are to be converted into an operating license within a year, and the license is

to be renewed every subsequent year (by payment of royalty and license fee).

Besides the requirement of specific import licenses from WPC

for most of the wireless equipment used by the service providers, there are

separate licenses for possession of wireless equipment and trade therein. It

might be a shock for the younger generation to learn that till the early

eighties, there was an annual license fee for every radio, transistor and TV set

in the country!

  • National spectrum register


WPC does maintain National Frequency Register (NFR),

including details of particular frequency spots, emission, power and other

technical details, and site details, etc. However, it contains details of the

frequencies allocated as per the agreement letters.

Quite naturally, not all agreement letters get converted into

operating licenses and those which do, are not necessarily renewed in the

subsequent years, perpetually. The following are the main reasons:

  • Non-clearance of sites

  • Delay in procurement of equipment

  • Obsolescence of equipment or technology

  • Change in business plan

  • Technological or equipment evolutions

  • Global nature of certain types of services (e.g. roaming)

  • Interference from other links

Hence, it is of utmost importance for us to take stock of the

following types of scenarios:

  • Details of frequency allocations as per currently valid

    operating licenses

  • Details of frequency allocations as per valid agreement


  • The latest NFAP

  • ITU and WRC proceedings

  • Emerging requirements of various users

  • Evolving technologies

As on date, there is no single repository containing details

of the current valid operating licenses and the current valid frequency

allocations. The dynamism in this aspect is very critical and hence, updating of

records would guide the technical assessment before grant of any spectrum.

  • National security

Wireless communication for national security is vital, and

the same may be allocated without any payment of royalty for spectrum usage.

However, the security agencies should cooperate with other users of spectrum, so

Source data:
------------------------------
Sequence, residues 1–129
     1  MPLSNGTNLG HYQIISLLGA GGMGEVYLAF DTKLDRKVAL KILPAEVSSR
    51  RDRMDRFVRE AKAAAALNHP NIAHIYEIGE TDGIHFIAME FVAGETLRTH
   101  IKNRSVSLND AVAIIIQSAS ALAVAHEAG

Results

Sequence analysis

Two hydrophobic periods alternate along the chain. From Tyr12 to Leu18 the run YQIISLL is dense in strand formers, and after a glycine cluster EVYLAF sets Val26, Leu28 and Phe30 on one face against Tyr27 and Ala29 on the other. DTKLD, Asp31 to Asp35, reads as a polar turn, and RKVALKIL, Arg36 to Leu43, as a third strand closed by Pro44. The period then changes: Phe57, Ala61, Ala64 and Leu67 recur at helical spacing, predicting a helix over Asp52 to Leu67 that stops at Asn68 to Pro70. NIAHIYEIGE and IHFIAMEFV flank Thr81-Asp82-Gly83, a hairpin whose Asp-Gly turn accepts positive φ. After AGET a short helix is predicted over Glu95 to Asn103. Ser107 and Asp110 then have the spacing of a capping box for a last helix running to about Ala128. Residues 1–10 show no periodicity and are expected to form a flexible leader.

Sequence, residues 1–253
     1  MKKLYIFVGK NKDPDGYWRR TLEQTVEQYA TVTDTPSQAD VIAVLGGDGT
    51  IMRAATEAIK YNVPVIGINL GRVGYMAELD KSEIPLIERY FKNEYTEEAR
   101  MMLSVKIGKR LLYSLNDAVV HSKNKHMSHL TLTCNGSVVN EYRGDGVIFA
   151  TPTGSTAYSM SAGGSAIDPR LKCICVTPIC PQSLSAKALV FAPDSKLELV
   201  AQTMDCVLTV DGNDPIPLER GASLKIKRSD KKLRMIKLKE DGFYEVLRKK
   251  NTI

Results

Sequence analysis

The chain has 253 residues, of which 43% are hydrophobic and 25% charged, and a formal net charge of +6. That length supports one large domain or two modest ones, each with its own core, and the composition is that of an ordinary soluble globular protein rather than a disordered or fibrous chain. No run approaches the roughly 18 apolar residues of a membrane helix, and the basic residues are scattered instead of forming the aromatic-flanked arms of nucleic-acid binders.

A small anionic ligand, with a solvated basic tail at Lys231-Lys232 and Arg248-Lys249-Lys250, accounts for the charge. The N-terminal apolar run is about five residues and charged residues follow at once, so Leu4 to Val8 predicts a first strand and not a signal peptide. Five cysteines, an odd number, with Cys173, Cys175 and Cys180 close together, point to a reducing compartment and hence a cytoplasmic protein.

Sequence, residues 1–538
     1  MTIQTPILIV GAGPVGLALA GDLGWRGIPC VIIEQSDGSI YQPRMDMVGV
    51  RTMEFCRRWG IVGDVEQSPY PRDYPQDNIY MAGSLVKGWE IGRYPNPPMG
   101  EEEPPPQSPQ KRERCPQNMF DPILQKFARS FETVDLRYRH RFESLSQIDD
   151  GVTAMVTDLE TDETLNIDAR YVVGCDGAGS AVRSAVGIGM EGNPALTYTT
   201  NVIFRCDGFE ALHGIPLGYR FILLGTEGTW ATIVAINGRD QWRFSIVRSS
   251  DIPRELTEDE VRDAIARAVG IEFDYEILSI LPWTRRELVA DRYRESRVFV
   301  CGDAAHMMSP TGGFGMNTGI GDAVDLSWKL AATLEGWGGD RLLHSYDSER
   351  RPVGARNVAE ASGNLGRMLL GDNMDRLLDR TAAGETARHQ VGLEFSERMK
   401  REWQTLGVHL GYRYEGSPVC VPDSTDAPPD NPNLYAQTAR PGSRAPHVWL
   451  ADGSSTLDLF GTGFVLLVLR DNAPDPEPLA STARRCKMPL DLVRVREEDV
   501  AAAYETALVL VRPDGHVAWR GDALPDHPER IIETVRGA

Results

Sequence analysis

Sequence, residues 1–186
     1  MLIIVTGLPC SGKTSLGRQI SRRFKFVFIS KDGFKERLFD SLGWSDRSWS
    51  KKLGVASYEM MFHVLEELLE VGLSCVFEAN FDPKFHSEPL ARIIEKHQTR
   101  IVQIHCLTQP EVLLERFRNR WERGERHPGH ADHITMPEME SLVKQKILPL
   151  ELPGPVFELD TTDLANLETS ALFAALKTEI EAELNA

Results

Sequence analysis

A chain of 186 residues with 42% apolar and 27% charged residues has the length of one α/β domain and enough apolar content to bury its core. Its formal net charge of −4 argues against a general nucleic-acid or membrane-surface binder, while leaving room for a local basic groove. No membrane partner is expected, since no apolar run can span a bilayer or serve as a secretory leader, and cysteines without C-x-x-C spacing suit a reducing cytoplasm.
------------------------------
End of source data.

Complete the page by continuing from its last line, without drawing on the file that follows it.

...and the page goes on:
that benefits of technological innovations may be provided to the Indian

citizens as well.

  • Obsolete concept of major users

It is well established that radio spectrum is a finite

resource and hence, must be used effectively. Though traditionally, government

departments and public sector units were the major users of spectrum, but since

the last ten years, wireless communication services provided by new service

providers (mostly, private sector ones) have been gaining important


In fact, during the evolution of NFAP-2000 itself, the

concept of major users was done away with. Time has come to recognize the users

or subscribers as the major users.

  • Impact of spectrum charges on frequency allocation

One of the significant and effective way for optimal

utilization of a spectrum is by assigning economic value to the same. This puts

onus on all the users to use spectrum efficiently and effectively, while also

freeing up the spectrum from non-serious users.

In this context, it is imperative that except for security

services, all other users must pay for the spectrum in a non-discriminatory

manner. SACFA members may make suitable provisions for spectrum charges in their

respective budgets or plans.

Spectrum allocation which is on non-interference,

non-protection basis, should attract significantly lower royalty for usage

vis-à-vis those which are protected.

Such a move will also release a lot of spectrum from those

users who are either not using the allocated spectrum or are not even paying for

the same.